Crossing the Line

The NRC’s threat to Bangladesh, and the India–Bangladesh relationship

Halima Khatun poses with her election card in Darrang, Assam. Her 17-year old daughter committed suicide after discovering that her name was not included in the NRC list. ZISHAAN A LATIF FOR THE CARAVAN
01 September, 2019

“While we should not be worried, there is some anxiety after reading news reports,” AK Abdul Momen, the foreign minister of Bangladesh, told a television channel in July. He was speaking of the National Register of Citizens, the Indian government’s project to define and identify legal residents of the state of Assam—and, more importantly, to identify and make stateless those who it claims are illegal immigrants. Last year, the NRC provisionally identified around four million supposedly “illegal” people—almost exclusively Muslims—who in the official Indian narrative have been branded “Bengali” infiltrators, from across the border in Bangladesh. Momen’s cautious statement was reported as the first public admission of concern over the NRC by the Bangladesh government. Those the NRC had singled out, he said, had been living in Assam for over 75 years. “They are their citizens,” he insisted, “not ours.”

India has not said what it plans to do with those the NRC tags as outsiders and renders stateless. But in Bangladesh, few have any doubts as to what the eventual goal is—and many raise warnings in sharper terms than Momen did. Shaheen Afroze, a research director at a think tank under the country’s foreign ministry, told me that the Assamese Muslims targeted by the NRC “are not only an internal issue of India anymore, because their intended eviction destination is Bangladesh.”

Bangladesh has seen this tragic charade before—across its other international border, with Buddhist-majority Myanmar. There too, a Muslim people, the Rohingya, are considered illegal though they have lived in the country for many generations. There too, they are being pushed out to further narrow domestic political ends, and are portrayed as “Bangladeshis.” Since 2017 alone, three quarters of a million Rohingyas have been pushed out of Myanmar by force.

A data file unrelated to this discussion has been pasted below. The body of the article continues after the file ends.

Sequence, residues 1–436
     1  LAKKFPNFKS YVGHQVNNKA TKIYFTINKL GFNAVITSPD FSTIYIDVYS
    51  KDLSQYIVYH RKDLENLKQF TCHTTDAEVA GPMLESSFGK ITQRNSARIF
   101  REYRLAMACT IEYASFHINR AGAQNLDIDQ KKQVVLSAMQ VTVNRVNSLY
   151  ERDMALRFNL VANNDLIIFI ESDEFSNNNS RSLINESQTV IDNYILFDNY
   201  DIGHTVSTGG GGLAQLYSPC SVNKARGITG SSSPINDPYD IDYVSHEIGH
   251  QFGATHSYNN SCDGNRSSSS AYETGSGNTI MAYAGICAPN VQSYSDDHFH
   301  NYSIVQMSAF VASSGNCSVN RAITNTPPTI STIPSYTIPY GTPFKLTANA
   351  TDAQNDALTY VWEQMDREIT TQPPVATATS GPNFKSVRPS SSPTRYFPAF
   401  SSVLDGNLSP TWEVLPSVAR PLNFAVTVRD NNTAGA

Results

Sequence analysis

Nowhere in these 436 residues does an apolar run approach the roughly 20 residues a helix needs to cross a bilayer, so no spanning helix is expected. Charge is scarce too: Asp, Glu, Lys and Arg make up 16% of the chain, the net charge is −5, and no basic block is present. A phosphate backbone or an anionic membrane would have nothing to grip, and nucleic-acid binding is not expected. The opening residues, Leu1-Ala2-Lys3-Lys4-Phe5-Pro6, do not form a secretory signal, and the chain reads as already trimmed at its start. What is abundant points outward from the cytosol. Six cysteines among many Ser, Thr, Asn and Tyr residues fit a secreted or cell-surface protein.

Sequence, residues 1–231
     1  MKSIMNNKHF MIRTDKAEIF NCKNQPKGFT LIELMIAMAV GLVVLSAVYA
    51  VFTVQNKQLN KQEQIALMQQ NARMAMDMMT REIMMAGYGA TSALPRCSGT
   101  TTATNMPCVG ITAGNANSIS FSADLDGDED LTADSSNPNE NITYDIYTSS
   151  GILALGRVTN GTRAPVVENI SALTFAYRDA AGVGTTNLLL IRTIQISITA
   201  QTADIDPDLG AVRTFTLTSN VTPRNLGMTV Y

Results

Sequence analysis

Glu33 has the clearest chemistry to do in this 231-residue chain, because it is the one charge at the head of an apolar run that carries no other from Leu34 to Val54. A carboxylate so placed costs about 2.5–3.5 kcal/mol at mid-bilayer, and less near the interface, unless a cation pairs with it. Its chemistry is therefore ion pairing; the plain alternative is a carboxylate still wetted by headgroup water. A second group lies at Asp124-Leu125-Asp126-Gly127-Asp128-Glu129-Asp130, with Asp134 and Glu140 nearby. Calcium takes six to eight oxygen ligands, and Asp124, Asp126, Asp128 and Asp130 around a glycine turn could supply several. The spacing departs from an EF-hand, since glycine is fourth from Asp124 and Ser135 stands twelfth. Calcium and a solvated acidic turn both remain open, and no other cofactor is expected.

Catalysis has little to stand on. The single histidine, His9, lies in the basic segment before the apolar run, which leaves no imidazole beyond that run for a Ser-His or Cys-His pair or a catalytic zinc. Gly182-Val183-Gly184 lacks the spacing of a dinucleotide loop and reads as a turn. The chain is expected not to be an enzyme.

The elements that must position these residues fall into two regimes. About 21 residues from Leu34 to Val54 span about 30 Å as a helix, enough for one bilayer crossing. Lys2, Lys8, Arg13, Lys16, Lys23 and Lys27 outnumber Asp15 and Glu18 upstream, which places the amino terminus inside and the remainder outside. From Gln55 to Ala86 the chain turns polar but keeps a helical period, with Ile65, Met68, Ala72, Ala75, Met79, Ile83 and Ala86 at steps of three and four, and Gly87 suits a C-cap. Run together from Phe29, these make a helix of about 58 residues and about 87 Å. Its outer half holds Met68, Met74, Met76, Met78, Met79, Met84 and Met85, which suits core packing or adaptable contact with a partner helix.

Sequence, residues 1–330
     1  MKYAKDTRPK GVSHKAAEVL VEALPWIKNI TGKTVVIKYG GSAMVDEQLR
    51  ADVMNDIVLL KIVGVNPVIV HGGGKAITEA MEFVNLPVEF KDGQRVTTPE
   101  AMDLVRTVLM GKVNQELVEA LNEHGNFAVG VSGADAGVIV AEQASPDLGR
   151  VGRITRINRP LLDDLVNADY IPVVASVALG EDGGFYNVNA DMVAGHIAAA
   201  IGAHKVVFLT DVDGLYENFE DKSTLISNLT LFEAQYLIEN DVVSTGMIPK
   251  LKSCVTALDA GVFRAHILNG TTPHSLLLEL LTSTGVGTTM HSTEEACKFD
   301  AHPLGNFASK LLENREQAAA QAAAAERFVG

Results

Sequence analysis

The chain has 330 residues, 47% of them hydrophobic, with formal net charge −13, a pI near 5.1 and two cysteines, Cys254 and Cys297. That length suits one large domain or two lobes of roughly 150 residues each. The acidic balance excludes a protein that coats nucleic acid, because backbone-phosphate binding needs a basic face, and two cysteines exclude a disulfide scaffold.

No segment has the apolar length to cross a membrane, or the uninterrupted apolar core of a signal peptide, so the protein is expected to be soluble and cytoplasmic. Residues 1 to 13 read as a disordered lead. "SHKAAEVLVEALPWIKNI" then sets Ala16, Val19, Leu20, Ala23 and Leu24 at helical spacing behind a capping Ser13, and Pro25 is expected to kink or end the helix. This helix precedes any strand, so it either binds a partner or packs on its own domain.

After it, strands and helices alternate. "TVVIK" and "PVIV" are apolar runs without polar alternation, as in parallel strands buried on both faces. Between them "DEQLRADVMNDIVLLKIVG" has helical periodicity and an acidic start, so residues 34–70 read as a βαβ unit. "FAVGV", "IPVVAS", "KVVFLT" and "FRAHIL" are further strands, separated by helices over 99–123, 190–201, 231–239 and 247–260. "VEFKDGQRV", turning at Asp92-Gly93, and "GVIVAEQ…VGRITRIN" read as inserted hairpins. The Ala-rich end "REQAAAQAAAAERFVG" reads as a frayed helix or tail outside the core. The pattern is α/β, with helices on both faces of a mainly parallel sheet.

“We are already in much difficulty with the 11 lakh Rohingya refugees, so we can’t take anymore,” Momen said in July. “The issue must be handled carefully and policy options to meet the future found,” Afroze told me. “We can’t have another Rohingya-like crisis.” Last year, a headline in the Dhaka Tribune asked, “Will 1.6m ‘non-Indian migrants’ in Assam become the new Rohingyas?”

The chances of the Rohingya returning safely to Myanmar are zero, despite the United Nations saying otherwise, and Bangladesh is resigned to hosting them permanently, though this has never been officially stated. Bangladesh is straining to pay for the refugees’ upkeep, despite international aid, and their presence has become a tricky political issue. It is clear that Bangladesh cannot afford a similar situation with refugees from India, yet the Indian government has not so much as spoken of the matter with Bangladeshi officials. The NRC threatens to cause a major crisis in Bangladesh—one much larger than the one caused by Myanmar’s eviction of the Rohingya. The powers in Delhi might not care much for how their domestic policies affect a neighbouring country, but even so their approach is short-sighted. The fallout from the NRC will unavoidably scar the ties between the two countries—almost the last relatively cordial relationship India has left with its neighbours—and the consequences could be counter to India’s own international interests.